March 6th, 2014
01:28 PM ET
10 months ago

Christie gets warm reception at gathering of the right

Updated 2:53 p.m. ET, 3/6/2014

National Harbor, Maryland (CNN) - New Jersey Gov. Chris Christie, receiving a warm reception from a large conservative audience Thursday, said the GOP needs to change the way it shares its message with voters in order to defeat Democrats in future elections.

"We've got to start talking about what we're for and not what we're against," the Republican governor said. "Our ideas are better than their ideas, and that's what we have to stand up for."

Christie spoke at the Conservative Political Action Conference - better known by its initials, CPAC - which kicked off Thursday at National Harbor, a major convention center just outside of the nation's capital. The conference is the largest annual gathering of conservative leaders and activists.

When there's no Republican in the White House, it's a must-attend cattle call for GOP presidential hopefuls looking to pass the conference's conservative litmus test.

The pragmatic second-term governor, never popular with many in the party's conservative base, was not invited to last year's conference. CPAC organizers said Christie was snubbed because some of his positions were not conservative enough.

No spit-balling in the states

As current chairman of the Republican Governors Association, Christie highlighted the work of several GOP governors in tackling entitlement reform, pointing to the governors of Wisconsin, Ohio, Michigan and Florida–all of whom are up for re-election this year.

Christie, a consistent critic of Washington, argued that states are accomplishing more progress than lawmakers in the nation's capital.

"Leadership is about getting in and getting something done and making government work. Leadership is not about standing on the sidelines and spit-balling," he said. "And that's all we see all across Washington, D.C. but it's not what we see in the states."

Reacting to the speech, Ted Dooley, a Republican student at Boston College, argued Christie was creating a pathway for 2016.

"You could tell it was setting a platform for a Republican governor winning in 2016. I think that was the major undertone of his speech," he said.

Joe Graziano, a New Jersey political consultant, said he thought Christie's speech was "good."

"He certainly captures the state well, he embodied the state of New Jersey," he said.

Quiet about problems back in New Jersey

Unsurprisingly, Christie said nothing of the controversy he faces at home. State and federal investigations are underway over allegations that some of his aides closed access lanes to the George Washington Bridge last September to punish the mayor of Fort Lee, New Jersey, for not endorsing Christie's re-election.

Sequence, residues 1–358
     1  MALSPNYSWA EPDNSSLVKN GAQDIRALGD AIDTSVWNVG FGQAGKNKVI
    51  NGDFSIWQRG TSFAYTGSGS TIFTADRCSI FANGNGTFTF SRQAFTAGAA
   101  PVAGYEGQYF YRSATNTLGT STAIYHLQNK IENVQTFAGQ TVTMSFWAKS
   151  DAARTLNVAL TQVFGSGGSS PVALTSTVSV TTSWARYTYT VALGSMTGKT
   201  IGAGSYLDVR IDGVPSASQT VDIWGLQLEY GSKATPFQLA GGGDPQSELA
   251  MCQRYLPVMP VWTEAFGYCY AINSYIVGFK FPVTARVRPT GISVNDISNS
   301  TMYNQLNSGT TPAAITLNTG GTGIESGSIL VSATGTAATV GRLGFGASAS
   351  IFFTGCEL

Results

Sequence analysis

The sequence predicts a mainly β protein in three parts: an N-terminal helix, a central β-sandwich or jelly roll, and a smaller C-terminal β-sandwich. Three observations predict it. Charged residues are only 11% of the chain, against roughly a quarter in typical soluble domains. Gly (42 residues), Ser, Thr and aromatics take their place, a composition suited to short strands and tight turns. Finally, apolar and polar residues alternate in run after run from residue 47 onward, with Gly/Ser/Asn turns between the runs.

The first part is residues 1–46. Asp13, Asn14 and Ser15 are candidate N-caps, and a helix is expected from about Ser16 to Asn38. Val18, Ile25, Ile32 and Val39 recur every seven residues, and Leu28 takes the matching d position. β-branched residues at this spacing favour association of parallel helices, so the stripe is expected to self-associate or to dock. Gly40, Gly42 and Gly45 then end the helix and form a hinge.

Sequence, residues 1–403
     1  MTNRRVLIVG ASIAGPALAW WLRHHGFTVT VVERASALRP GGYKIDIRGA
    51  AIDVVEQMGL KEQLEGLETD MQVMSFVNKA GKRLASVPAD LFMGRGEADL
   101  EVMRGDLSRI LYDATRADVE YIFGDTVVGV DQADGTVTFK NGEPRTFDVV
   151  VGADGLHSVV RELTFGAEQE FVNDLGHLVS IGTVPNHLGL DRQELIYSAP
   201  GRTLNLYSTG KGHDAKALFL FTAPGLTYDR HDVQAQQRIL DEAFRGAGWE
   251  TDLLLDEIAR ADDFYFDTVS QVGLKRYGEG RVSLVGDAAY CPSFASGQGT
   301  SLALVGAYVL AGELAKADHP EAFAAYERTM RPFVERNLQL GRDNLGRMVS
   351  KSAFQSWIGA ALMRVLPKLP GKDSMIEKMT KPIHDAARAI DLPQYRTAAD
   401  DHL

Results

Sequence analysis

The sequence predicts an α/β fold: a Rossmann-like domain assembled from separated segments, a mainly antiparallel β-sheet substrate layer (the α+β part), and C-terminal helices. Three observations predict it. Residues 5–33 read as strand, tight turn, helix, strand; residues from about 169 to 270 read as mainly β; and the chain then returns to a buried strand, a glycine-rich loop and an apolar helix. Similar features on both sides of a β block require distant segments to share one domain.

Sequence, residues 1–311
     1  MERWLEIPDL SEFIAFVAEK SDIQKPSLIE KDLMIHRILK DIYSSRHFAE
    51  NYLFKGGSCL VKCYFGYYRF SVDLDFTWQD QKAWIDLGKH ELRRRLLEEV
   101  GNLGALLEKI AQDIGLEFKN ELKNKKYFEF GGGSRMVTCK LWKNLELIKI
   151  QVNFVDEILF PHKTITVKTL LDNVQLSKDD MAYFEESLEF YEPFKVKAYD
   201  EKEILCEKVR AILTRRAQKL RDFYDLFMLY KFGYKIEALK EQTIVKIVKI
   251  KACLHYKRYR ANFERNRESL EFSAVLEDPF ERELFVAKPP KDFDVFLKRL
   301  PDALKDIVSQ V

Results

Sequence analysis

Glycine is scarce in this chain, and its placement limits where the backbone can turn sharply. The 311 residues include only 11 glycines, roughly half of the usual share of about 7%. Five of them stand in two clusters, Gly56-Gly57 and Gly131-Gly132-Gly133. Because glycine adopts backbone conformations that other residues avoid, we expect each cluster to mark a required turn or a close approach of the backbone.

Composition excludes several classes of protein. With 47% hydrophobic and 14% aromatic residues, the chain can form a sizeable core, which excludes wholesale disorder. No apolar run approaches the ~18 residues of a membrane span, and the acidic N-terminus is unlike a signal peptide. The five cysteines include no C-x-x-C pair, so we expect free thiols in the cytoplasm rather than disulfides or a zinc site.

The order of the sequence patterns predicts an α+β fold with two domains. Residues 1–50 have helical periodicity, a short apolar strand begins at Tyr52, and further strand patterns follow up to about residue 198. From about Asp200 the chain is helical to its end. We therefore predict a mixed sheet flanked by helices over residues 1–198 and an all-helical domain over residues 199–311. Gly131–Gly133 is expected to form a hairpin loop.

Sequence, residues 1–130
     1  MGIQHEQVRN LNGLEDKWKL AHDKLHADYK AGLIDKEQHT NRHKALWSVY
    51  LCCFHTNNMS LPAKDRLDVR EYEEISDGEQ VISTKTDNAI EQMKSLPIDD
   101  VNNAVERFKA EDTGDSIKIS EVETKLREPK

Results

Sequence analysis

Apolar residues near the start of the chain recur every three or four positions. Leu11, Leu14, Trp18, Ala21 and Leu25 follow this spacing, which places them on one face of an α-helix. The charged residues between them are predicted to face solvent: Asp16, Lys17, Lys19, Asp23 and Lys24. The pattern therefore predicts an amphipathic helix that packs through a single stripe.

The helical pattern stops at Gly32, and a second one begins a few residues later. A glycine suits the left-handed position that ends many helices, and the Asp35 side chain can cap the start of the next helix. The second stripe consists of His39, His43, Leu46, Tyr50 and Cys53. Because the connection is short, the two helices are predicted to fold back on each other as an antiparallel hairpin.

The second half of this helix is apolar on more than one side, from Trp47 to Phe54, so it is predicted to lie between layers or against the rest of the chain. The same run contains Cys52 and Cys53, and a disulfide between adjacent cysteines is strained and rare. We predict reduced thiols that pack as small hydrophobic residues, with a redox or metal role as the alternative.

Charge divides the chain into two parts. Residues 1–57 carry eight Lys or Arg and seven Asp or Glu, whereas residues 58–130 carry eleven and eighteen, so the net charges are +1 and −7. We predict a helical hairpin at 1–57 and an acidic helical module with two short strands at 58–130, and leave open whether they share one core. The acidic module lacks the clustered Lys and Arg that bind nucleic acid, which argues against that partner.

The governor has denied knowing anything about the gridlock until after it occurred, and has said he knew nothing about any political mischief by members of his administration. But the scandal's put a cloud over Christie's political future, which may include a bid for the 2016 GOP presidential nomination.

Al Cardenas, the chairman of the American Conservative Union, the group that organizes CPAC, said the national media coverage of the controversies in New Jersey might help Christie with the party's base, which doesn't like to see Republicans attacked by the media, adding that the episode's made conservatives "kindred spirits with Gov. Christie."

James Newberry of McLean, Virginia said he liked Christie's speech, but he wouldn't vote for him because of the bridge controversy.

"The scandal really bothers me. Just the corruption, the kind of people he had around him. It just seemed very petty and his state already has a reputation for corruption," he said. "He's...a little bit like Richard Nixon as far as the dirty tricks and stuff."

Aurelian Braun, a masters student at Hillsdale College in Michigan, liked the speech but is still upset with Christie over his embrace of Obama in the immediate aftermath of Superstorm Sandy. The two were seen side-by-side just days before the 2012 presidential election, and Christie was accused by fellow Republicans of elevating the President's image.

"He raised awareness for President Obama with low information voters," Braun said. "And that's one of the big ways that the Democrats beat us in the general election. In the general election it's getting information out to low information voters."

'Party of intolerance'

Christie argued Thursday the media was also to blame for any Republican disconnect with voters.